Last month, Colorado legislators approved Senate Bill 128, and on Friday Governor Hickenlooper signed it into law. SB128 will require all health insurance carriers in Colorado that offer individual policies for adults to also offer child-only policies during two open-enrollment periods each year.
The law stipulates that the first open enrollment period will begin “on the first of the month closest to ninety days after the effective date of this section.” The bill was signed into law on April 29, 2011. Ninety days from then would be the end of July, so it appears that the first open enrollment period will be during the month of August this year. The law then notes that in future years, the open enrollment period will be January and July each year, which was already established last fall.
Other interesting things to note about SB128…
- The law allows carriers to deny coverage for a child-only policy if the child is eligible for other creditable coverage. They specifically note that eligibility for high-risk pool coverage (like CoverColorado or GettingUsCovered) does not count, but that current coverage in a high-risk pool does. So a parent cannot transfer a child out of a high-risk pool and onto a child-only policy. But this paragraph in the bill (see the bottom of page 4) could be a sticking point for a lot of child-only applications. It’s often the case that an employer who is offering group health insurance will pay for the employee’s coverage (or at least a portion of it) but require the employee to pay the premiums for dependents. Some parents find that it’s less expensive in that situation to purchase a child-only policy for their child, and keep themselves on their employer’s policy. But presumably if the child is eligible for coverage through a parent’s employer, individual health insurance carriers would not be required to offer the child a child-only policy. As we’ve noted in the past, child-only policies represent a very small fraction of the individual health insurance market, but within the child-only market, it would seem that there are a lot of children who are also eligible for other creditable coverage (albeit more expensive coverage…). It will be interesting to see if this becomes an issue once all the carriers return to the child-only market.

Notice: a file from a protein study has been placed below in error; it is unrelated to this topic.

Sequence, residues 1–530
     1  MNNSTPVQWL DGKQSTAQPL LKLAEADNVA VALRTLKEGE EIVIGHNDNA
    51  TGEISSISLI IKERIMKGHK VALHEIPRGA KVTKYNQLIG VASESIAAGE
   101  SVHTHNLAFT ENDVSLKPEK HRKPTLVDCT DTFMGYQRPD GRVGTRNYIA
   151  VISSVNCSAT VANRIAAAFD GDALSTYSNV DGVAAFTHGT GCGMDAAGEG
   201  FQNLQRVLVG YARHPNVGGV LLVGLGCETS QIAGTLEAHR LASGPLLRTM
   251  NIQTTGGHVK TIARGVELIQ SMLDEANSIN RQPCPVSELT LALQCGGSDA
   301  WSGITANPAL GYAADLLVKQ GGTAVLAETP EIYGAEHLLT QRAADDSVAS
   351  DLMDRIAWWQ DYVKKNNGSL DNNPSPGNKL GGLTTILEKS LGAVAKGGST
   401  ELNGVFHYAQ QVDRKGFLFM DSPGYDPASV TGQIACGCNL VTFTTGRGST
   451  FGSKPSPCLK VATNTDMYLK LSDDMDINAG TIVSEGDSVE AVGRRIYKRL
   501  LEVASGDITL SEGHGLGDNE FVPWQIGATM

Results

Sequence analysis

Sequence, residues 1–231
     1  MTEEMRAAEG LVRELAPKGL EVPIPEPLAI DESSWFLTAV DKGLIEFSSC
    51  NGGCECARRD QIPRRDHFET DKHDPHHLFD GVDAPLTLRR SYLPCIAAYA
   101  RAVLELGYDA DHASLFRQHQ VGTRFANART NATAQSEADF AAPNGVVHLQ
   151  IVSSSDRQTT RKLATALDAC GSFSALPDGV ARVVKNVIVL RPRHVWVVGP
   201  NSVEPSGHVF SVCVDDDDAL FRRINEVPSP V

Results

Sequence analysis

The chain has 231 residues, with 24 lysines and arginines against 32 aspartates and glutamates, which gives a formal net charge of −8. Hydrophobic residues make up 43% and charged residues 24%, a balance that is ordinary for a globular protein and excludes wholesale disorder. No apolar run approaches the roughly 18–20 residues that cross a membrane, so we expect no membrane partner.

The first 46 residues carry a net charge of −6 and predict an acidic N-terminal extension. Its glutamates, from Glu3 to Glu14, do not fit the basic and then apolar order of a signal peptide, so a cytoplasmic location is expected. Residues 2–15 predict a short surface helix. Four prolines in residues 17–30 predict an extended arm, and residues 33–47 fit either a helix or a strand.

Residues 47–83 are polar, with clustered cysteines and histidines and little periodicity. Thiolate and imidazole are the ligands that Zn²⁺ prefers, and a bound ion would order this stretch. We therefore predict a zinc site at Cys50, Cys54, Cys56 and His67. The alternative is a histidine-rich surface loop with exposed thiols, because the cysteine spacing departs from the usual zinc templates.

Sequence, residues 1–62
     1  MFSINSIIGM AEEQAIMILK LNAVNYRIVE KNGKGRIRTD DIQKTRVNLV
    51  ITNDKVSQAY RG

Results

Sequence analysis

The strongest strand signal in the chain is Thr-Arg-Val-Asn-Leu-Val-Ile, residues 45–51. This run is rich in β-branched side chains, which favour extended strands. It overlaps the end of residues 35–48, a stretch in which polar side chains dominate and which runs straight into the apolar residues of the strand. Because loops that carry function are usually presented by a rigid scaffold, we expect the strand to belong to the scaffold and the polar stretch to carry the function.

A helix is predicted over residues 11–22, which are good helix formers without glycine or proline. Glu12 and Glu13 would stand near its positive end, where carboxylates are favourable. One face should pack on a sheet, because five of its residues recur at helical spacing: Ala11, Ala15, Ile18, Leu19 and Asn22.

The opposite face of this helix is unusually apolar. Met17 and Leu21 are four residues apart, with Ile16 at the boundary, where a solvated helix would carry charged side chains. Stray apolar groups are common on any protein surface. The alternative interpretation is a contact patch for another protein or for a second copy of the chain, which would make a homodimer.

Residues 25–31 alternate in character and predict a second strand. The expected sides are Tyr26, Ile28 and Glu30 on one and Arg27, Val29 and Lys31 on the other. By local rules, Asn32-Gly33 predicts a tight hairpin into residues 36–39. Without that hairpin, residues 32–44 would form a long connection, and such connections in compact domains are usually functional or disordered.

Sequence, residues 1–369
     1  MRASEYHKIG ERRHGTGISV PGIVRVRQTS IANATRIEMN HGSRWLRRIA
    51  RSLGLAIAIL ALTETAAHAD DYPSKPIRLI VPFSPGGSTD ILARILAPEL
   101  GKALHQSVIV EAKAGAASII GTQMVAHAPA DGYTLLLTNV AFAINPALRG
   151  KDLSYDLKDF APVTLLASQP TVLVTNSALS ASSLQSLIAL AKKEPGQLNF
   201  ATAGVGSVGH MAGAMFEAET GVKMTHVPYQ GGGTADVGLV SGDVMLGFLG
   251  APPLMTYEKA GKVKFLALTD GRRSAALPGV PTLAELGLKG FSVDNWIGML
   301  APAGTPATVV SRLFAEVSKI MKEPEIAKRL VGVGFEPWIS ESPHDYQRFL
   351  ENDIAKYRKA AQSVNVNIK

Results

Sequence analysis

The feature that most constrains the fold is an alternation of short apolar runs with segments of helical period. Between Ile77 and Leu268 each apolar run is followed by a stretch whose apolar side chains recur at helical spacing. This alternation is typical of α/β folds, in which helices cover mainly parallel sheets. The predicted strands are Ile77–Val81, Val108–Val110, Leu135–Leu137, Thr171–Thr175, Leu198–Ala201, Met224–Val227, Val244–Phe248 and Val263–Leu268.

- The law allows carriers to impose a surcharge (of up to 50% of the normal premiums) for up to 12 months if a child is enrolled in a child-only policy, drops the coverage for more than 63 days, and then re-enrolls in a new child-only policy. This is obviously an effort to prevent parents from buying coverage only when their children are in need of treatment. Combined with the presence of open-enrollment periods (rather than continuously available policies), hopefully adverse selection in the child-only market will be limited.
- Carriers are required to issue “at least one child-only plan“. It remains to be seen whether the carriers will opt to allow children to enroll in any of their normal individual policies, or whether they will limit parents seeking child-only coverage to one specific plan.
Hopefully SB128 will be successful at bringing back child-only coverage while still keeping things as fair as possible for both the health insurance carriers and the parents who are seeking coverage for their children.